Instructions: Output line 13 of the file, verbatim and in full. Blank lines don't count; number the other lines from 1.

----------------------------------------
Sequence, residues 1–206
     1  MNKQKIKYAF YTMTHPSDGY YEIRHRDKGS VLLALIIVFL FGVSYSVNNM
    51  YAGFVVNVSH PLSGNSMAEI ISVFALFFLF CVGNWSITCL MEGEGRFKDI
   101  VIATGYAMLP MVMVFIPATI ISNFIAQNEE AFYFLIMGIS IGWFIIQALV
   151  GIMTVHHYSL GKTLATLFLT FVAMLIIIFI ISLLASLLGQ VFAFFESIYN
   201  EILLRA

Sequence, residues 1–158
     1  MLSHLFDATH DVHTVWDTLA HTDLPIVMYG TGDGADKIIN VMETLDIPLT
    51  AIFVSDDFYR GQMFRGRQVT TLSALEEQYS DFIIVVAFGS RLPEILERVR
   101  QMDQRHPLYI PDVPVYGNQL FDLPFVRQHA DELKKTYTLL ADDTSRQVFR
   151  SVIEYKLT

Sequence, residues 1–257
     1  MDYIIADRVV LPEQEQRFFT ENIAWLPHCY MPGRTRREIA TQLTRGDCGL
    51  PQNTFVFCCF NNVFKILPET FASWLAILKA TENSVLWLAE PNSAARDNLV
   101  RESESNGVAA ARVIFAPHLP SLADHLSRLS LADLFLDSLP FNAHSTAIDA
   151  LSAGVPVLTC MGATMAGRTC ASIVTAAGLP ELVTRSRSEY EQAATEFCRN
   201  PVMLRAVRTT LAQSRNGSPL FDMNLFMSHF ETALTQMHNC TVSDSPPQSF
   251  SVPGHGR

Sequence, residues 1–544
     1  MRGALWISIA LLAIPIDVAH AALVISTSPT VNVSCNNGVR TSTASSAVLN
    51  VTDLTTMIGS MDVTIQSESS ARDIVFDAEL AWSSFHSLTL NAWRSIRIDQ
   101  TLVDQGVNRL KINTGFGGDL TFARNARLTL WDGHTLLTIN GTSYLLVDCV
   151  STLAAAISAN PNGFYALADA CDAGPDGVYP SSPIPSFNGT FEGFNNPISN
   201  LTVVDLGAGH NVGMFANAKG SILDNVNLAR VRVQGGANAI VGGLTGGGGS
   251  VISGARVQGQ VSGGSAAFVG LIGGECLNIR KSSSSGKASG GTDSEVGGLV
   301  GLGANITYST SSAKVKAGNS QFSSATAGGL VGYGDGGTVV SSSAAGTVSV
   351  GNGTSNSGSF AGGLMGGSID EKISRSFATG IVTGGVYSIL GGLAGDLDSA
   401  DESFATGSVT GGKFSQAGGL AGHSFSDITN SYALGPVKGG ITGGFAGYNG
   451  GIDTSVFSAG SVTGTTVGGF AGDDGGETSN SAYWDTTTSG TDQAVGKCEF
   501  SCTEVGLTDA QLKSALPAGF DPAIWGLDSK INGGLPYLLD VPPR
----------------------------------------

     1  MDYIIADRVV LPEQEQRFFT ENIAWLPHCY MPGRTRREIA TQLTRGDCGL